wastewater

Bryan Thompson / Kansas News Service

Darrel Urban stands in front of a newly-dug pit the size of two football fields laid end-to-end, and ten feet deep. Soon, it will be full of hog waste, and two more large pits will join it.

A site two miles outside of the tiny town of Pfeifer, Kansas, in the northeast corner of Rush County near Hays, is slated to be the new home of a massive hog farming operation. It will be home to thousands of pigs, and their waste. It is a less than a mile from Urban’s home.

Tech. Sgt. Linda Burger / Iowa National Guard

Midwesterners are used to extreme weather. We take pride in enduring everything from torrential downpours to the most desiccating drought.

Climate change is expected to increase the frequency of these fluctuations between drought and flood, though, according to new research published by scientists at the University of Kansas, and this "weather whiplash" will deteriorate the quality of drinking water.

Elle Moxley / KCUR 89.3

Whenever she takes people out on her boat, Vicki Richmond from the Healthy Rivers Partnership likes to ask if they know where their drinking water comes from.

“You’d be amazed how many people don’t know it’s the Missouri River,” says Richmond as members of the media clamber aboard. For Drinking Water Week, the Kansas City Water Department arranged to have Richmond show us the Missouri River.

(This reporter would like to state, for the record, she knew before today where our drinking water came from.)

Tim Samoff / Flickr - CC

Water rates in Kansas City, Missouri, have soared over the last several years. The average water bill has gone from $48 in 2009 to more than $100 today. 

That's due, in part, to infrastructure upgrades mandated by the Environmental Protection Agency. Those mandatory upgrades were not accompanied by federal dollars, which means the cost fell to rate payers. 

Sam Warlick / National League of Cities

Earlier this month Kansas City, Missouri, residents raised their own property taxes for 20 years in part to help pay for federally-required improvements to public buildings under the Americans With Disabilities Act.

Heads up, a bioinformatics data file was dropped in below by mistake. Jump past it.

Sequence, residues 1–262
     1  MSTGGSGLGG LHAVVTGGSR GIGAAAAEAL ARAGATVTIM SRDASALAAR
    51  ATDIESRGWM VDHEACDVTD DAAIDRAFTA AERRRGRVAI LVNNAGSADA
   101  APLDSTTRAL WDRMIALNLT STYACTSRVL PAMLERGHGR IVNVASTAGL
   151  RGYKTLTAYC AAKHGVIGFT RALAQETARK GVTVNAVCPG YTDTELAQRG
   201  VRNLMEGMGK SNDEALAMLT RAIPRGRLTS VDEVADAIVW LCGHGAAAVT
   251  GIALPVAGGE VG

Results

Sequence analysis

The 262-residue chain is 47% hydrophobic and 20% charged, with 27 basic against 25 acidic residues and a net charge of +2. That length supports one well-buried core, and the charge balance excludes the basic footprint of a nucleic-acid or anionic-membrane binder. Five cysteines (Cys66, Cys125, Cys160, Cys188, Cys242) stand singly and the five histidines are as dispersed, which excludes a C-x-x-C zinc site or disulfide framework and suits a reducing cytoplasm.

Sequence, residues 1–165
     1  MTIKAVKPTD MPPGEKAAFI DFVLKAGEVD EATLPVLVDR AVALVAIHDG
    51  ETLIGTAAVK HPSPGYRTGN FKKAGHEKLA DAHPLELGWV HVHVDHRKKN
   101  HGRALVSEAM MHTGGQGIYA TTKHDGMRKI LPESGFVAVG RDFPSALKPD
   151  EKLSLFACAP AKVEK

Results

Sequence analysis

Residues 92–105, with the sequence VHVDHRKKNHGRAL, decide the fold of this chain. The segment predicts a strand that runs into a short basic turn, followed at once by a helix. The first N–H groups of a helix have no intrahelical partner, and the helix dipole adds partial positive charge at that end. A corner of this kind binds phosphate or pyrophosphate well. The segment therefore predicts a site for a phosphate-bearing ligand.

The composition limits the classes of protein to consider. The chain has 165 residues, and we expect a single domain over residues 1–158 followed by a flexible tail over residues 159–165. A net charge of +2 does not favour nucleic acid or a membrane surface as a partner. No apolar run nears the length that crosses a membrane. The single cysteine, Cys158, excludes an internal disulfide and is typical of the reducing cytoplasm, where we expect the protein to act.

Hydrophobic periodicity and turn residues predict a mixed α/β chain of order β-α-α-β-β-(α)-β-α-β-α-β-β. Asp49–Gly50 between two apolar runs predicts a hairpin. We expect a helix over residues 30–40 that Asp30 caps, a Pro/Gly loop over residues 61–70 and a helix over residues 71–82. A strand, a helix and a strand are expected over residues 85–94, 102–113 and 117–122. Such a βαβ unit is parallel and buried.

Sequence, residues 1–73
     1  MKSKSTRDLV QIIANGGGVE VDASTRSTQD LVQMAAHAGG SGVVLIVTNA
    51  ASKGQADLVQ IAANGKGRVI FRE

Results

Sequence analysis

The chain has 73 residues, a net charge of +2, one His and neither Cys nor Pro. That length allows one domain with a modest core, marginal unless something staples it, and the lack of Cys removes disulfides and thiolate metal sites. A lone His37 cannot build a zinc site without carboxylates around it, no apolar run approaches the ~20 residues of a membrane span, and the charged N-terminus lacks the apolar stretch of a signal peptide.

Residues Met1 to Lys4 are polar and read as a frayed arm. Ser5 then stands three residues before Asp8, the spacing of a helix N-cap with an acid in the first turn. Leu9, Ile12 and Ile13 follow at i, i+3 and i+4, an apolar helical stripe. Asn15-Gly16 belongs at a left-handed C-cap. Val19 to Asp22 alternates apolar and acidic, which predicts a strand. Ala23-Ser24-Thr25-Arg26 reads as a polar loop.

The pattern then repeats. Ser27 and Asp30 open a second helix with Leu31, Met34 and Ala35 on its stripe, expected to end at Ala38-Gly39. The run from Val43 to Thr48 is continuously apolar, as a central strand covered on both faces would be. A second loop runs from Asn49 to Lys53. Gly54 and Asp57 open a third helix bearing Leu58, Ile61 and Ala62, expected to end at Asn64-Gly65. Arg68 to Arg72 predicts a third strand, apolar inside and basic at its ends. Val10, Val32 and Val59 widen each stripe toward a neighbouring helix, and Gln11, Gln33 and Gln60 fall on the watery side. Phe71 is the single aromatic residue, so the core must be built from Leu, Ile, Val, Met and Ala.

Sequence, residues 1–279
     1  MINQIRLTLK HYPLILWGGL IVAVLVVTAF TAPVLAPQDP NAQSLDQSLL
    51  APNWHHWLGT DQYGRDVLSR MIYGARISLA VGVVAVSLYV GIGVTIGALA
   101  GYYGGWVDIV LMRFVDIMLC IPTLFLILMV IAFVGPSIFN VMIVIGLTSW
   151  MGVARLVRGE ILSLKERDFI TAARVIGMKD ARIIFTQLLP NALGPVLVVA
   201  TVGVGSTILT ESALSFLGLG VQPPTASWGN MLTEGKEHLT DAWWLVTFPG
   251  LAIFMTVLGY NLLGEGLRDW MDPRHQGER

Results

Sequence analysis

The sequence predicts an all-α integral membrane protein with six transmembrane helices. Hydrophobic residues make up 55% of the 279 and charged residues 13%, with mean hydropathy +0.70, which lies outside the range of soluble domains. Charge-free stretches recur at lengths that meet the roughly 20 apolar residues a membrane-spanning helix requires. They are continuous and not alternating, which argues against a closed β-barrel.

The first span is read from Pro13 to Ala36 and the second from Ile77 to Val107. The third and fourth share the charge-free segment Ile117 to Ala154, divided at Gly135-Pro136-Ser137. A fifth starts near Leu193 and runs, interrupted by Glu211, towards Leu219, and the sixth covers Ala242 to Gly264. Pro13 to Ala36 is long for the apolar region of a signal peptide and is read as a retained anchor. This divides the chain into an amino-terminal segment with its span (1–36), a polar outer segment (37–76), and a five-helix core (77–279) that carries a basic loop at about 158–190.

The City of Liberty

Residents in Liberty, Missouri, now have a $78 million wastewater treatment plant, and will no longer rely on Kansas City for processing services.

Sarah Craig/Faces of Fracking / Flickr - CC

While scientists have gained a clearer understanding of what's causing recent earthquakes in the Great Plains, they haven't reached a point where people can let their guard down. That's according to Heather DeShon, associate professor and seismologist at Southern Methodist University.

"The earthquakes in Oklahoma and parts of Kansas ... have been linked to a process called wastewater injection," she says.

In that process, large volumes of salty, briny water are deposited into cavities in deep rock layers, says DeShon.

Jimmy Emerson, DVM / Flickr Creative Commons

Earthquakes in the Central U.S. have been steadily increasing due to oil production, gas extraction and disposal of wastewater. Seismologist Heather DeShon tells us if it is possible to mitigate the number of occurrences. Then, finding political common ground between parties. Mark Gerzon, president of the Mediators Foundation, explores cross-party cooperation in his most recent book, The Reunited States of America.

Water is life — you drink it, cook with it and even shower in it — but unregulated runoff from farms and business can pose a threat to keeping it clean. A new series from Harvest Public Media, based at KCUR, looks at the conditions of water in Kansas City and throughout the Midwest.

Guests:

David Greene, Kansas City (Mo.) Water Services lab manager, stands on a platform of the water intake facility above the Missouri River.
Peggy Lowe / Harvest Public Media

Standing on a platform above the eastern bank of the Missouri River at the Kansas City, Missouri, Water Services’ intake plant is like being on the deck of a large ship.

Electric turbines create a vibration along the blue railing, where David Greene, laboratory manager for Kansas City Water Services, looks out across the river. Water the color of chocolate milk is sucked up and forced through screens below, picking up all the debris the river carries downstream.  

Nebraska farmer Noah Seim evaluates a corn field where cover crops were grown between rows in an effort to improve the quality of both the soil on his farm and water runoff.
Brian Seifferlein / Harvest Public Media

Living in the Platte River Valley in central Nebraska means understanding that the water in your well may contain high levels of nitrates and may not be safe to drink.

“When our first son was born in 1980, we actually put a distiller in for our drinking water here in the house,” says Ken Seim, who lives in the Platte Valley near the town of Chapman, Nebraska. “And at that time our water level was a 12 parts per million.”

The headwaters of the South Platte River emerge near Bailey, Colorado.
Luke Runyon / Harvest Public Media

Contaminated drinking water isn’t just a problem for Flint, Michigan. Many towns and cities across the Midwest and Great Plains face pollution seeping into their water supplies. A big part of the problem: farming and ranching.

Flickr user Clearly Ambiguous / Creative Commons

As of May 1, 2012, Kansas City, Mo. residents can expect higher rates on water usage and wastewater (sanitary sewer) services.